Gem Sawyer, Modern Day Ruby Warrior

by on October 6, 2010

Gem Sawyer, Modern Day Ruby Warrior

This guest post is contributed by Nick Quaranto, a web developer at Thoughtbot in Boston, MA. Nick maintains RubyGems.org and he’s a proud to be a part of the Ruby community. He cut his teeth on classic ASP and ASP.NET at first, but discovered Ruby on Rails through his university and dove in head first. Nick pretends he’s a bassist with famous prog rock bands when not coding.

Nick Quaranto You’re using RubyGems on a daily basis when programming with Ruby, but how do they work? Gems are now a ubiquitous part of the Ruby developer’s toolkit. If you’re fresh to Ruby and haven’t really learned what RubyGems can do for you yet, you’re about to find out!

What’s in a gem?

Ruby! Lots of it. Gems are just a simple format for publishing and sharing Ruby code. Let’s explore a simple one, and one of my favorites, jekyll. First, let’s see if the gem exists. We could go to RubyGems.org to do this, but the gem command has a lot of built-in searching commands.

% gem list jekyll -r

*** REMOTE GEMS ***

jekyll (0.7.0)
jekyll-epub (0.0.3)
jekyll-localization (0.0.6)
....

This command will ask the remote source (the -r flag specifies this) if there’s any gems available under that name. By default this looks at RubyGems.org, but it could be any URL. Next, let’s get the gem on our system:

% gem install jekyll
Successfully installed jekyll-0.7.0
1 gem installed

% gem unpack jekyll
Unpacked gem: '/private/tmp/jekyll-0.7.0'

These two commands downloaded the gem and unzipped it from a compressed state in a new folder from my current directory. The directory structure here is common to all gems. I’ve ignored a lot of the files here, but here’s the basics of the internals.

jekyll-0.7.0 % tree -L 2
.
+-- History.txt
+-- LICENSE
+-- README.textile
+-- Rakefile
+-- bin
¦   +-- jekyll
+-- features
+-- jekyll.gemspec
+-- lib
¦   +-- jekyll
¦   +-- jekyll.rb
+-- test

There’s a few administrative files here, such as the README and code license. Hopefully you’ll see those in every gem, along with a decent changelog or history. Most gems have a Rakefile which can run tests and perform other automation tasks as well. This gem is pretty well tested, so the test files are included in both the test directory for shoulda and a features directory for cucumber tests.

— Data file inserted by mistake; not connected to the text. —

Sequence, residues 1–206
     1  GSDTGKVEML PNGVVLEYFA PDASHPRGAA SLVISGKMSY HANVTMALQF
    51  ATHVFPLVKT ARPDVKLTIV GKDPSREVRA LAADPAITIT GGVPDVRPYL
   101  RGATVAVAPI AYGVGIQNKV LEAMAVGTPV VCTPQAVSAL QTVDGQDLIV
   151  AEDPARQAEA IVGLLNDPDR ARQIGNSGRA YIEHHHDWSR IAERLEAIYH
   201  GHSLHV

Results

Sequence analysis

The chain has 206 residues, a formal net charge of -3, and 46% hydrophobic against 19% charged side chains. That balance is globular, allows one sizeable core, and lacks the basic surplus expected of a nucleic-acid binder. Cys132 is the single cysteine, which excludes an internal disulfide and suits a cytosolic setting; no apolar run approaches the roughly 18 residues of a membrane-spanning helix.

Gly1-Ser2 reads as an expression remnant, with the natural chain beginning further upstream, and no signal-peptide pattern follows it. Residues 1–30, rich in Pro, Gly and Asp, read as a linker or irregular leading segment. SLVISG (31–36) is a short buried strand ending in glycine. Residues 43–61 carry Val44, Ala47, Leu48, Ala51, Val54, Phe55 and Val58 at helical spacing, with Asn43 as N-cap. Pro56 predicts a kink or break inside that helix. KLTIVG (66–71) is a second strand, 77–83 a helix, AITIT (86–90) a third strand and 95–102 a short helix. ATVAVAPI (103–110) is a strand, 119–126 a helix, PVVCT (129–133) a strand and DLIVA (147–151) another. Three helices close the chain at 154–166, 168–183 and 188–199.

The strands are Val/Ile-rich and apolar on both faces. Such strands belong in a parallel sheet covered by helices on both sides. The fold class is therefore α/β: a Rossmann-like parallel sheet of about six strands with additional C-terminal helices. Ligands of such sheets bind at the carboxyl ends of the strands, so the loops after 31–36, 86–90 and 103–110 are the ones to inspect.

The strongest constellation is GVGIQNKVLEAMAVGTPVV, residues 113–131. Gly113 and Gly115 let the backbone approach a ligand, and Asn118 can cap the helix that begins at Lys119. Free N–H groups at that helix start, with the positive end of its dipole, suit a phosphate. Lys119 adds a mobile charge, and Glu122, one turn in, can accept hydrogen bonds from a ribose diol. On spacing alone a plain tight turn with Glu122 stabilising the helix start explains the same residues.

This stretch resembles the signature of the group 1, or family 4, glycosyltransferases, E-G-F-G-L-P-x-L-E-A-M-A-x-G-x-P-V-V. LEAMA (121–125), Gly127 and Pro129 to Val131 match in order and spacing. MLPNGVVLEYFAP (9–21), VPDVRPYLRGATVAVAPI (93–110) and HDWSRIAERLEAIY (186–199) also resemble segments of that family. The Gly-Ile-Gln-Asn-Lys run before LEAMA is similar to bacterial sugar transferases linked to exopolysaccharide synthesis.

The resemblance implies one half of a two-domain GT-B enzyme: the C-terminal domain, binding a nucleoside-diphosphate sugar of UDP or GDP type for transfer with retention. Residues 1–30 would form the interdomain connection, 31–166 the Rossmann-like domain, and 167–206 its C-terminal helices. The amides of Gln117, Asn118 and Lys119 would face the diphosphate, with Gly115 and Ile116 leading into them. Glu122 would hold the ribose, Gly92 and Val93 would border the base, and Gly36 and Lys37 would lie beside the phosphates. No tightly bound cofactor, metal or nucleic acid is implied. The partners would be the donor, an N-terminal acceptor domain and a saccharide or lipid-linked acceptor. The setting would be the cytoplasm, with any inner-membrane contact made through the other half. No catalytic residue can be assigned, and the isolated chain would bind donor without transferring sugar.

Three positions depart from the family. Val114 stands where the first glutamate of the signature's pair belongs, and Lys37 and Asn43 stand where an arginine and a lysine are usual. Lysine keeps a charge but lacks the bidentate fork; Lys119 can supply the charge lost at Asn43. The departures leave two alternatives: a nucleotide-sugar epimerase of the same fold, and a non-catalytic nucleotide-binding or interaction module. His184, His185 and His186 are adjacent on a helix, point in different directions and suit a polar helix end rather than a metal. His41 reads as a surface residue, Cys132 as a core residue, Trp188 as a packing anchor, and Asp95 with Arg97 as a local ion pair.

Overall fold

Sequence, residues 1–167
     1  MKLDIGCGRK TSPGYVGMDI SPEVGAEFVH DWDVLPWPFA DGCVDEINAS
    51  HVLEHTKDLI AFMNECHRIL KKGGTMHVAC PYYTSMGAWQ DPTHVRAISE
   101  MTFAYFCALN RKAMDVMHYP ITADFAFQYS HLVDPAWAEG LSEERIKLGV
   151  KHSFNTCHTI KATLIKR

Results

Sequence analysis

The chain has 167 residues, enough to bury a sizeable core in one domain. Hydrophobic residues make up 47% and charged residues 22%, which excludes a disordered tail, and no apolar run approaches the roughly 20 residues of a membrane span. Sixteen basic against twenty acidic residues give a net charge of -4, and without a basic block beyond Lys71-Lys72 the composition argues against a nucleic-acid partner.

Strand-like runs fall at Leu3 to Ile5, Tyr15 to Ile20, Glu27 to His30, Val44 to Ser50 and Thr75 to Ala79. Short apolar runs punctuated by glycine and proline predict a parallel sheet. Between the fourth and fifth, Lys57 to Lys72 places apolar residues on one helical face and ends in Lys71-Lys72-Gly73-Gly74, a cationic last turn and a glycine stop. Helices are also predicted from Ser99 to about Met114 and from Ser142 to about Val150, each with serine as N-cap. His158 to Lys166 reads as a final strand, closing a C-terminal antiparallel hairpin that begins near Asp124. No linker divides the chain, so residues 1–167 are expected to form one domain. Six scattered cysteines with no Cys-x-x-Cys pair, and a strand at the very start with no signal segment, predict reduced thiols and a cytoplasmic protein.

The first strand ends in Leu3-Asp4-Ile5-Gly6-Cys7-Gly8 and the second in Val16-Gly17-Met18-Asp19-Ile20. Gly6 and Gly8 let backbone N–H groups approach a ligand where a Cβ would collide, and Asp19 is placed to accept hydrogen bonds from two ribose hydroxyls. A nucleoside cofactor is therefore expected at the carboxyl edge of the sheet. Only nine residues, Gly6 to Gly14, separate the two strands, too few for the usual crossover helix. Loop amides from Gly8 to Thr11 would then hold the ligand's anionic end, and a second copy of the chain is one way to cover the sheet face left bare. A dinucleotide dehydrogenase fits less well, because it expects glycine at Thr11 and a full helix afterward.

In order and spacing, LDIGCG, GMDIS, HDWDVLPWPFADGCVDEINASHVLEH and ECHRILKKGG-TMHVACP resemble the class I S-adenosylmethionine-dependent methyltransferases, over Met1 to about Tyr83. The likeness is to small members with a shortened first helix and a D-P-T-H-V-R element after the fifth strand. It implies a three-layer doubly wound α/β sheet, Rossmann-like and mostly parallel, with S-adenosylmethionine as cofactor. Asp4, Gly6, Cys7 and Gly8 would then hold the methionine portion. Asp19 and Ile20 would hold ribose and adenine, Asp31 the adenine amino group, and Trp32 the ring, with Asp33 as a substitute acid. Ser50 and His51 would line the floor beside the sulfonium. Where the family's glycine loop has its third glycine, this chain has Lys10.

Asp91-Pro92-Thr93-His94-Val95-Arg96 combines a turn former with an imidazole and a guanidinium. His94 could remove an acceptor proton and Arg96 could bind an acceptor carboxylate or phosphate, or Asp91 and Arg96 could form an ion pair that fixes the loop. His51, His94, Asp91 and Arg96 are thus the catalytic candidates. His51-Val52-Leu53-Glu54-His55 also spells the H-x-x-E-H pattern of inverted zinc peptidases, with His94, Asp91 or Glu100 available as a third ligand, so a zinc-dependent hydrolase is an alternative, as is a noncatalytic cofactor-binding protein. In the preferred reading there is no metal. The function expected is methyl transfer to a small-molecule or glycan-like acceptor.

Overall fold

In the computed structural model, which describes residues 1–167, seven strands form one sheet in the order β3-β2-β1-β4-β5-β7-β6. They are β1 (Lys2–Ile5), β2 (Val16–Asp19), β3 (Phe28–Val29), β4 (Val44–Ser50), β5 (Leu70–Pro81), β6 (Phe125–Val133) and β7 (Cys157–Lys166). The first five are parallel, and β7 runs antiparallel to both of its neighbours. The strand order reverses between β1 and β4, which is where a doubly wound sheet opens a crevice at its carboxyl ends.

The meat of a gem really begins with lib directory. RubyGems really just manages your Ruby load path, or how your ruby code is found by the require statement. When you require a gem, really you’re just placing that gem’s lib directory onto your $LOAD_PATH. Let’s try this out in IRB and get some help from the pretty_print library included with Ruby. Passing -r to irb will automatically require a library when loaded.

% irb -rpp
>> pp $LOAD_PATH
["/Users/qrush/.rvm/rubies/ree-1.8.7-2010.02/lib/ruby/site_ruby/1.8",
 "/Users/qrush/.rvm/rubies/ree-1.8.7-2010.02/lib/ruby/site_ruby/1.8/i686-darwin10.3.1",
 "/Users/qrush/.rvm/rubies/ree-1.8.7-2010.02/lib/ruby/site_ruby",
 "/Users/qrush/.rvm/rubies/ree-1.8.7-2010.02/lib/ruby/vendor_ruby/1.8",
 "/Users/qrush/.rvm/rubies/ree-1.8.7-2010.02/lib/ruby/vendor_ruby/1.8/i686-darwin10.3.1",
 "/Users/qrush/.rvm/rubies/ree-1.8.7-2010.02/lib/ruby/vendor_ruby",
 "/Users/qrush/.rvm/rubies/ree-1.8.7-2010.02/lib/ruby/1.8",
 "/Users/qrush/.rvm/rubies/ree-1.8.7-2010.02/lib/ruby/1.8/i686-darwin10.3.1",
 "."]

By default we have just a few system directories on our load path and the Ruby standard libraries. If we were to run require 'rake' right now, it would fail, because RubyGems isn’t loaded yet.

% irb -rpp
>> require 'rake'
LoadError: no such file to load -- rake
        from (irb):2:in `require'
        from (irb):2
>> require 'rubygems'
=> true
>> require 'rake'
=> true
>> pp $LOAD_PATH[0..1]
["/Users/qrush/.rvm/gems/ree-1.8.7-2010.02/gems/rake-0.8.7/bin",
 "/Users/qrush/.rvm/gems/ree-1.8.7-2010.02/gems/rake-0.8.7/lib"]

Once we’ve required rake, then RubyGems automatically drops the bin and lib directories onto the $LOAD_PATH. Boom! The bin directory is used for creating executables that use your gem’s code, such as rake. These are completely optional and you could have multiple per gem if you wanted.

That’s basically it for what’s in a gem. Drop Ruby code into lib, name a Ruby file the same as your gem (so for jekyll, jekyll.rb) and it’s loaded by RubyGems.